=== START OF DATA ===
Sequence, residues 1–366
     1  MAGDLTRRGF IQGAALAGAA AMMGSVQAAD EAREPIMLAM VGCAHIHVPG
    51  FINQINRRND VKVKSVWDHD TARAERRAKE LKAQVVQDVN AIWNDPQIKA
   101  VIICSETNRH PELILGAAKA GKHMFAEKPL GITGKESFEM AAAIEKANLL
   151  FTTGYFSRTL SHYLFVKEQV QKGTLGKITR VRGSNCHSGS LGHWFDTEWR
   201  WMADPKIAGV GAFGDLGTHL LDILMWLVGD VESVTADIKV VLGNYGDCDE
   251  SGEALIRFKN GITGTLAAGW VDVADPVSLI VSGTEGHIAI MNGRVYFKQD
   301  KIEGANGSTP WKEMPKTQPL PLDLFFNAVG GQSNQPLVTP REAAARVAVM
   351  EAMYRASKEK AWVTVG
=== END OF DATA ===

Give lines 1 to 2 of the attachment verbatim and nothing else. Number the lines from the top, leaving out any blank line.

Sequence, residues 1–366
     1  MAGDLTRRGF IQGAALAGAA AMMGSVQAAD EAREPIMLAM VGCAHIHVPG